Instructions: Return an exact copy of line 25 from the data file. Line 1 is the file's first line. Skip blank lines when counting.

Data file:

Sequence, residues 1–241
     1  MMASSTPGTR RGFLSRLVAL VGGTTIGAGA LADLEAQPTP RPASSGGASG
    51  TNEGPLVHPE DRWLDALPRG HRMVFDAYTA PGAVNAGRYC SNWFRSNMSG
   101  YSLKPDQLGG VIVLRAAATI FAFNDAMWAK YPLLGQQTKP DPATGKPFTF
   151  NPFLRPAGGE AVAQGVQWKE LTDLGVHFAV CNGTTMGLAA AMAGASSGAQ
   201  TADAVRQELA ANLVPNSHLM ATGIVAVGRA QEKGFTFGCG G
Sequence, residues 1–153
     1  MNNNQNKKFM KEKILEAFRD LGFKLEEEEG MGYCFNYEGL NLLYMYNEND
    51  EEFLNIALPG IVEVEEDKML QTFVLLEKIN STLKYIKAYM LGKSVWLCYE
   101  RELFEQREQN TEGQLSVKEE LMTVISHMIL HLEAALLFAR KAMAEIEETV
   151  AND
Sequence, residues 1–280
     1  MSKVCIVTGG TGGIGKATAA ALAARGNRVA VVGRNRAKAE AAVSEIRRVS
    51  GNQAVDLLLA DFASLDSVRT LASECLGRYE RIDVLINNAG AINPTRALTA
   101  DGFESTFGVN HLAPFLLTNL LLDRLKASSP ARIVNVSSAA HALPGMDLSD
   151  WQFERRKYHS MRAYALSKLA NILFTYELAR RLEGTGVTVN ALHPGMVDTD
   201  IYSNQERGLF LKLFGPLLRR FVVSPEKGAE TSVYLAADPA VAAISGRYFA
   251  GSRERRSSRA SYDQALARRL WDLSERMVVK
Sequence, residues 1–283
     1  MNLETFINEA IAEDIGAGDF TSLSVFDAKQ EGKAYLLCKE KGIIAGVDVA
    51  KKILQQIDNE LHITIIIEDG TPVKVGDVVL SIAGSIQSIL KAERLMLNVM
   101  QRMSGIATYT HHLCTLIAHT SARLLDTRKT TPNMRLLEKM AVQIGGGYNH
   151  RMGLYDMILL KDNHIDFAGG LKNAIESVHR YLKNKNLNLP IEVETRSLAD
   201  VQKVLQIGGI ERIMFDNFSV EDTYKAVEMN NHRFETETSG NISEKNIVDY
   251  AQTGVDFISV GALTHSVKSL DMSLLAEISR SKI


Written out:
   251  AQTGVDFISV GALTHSVKSL DMSLLAEISR SKI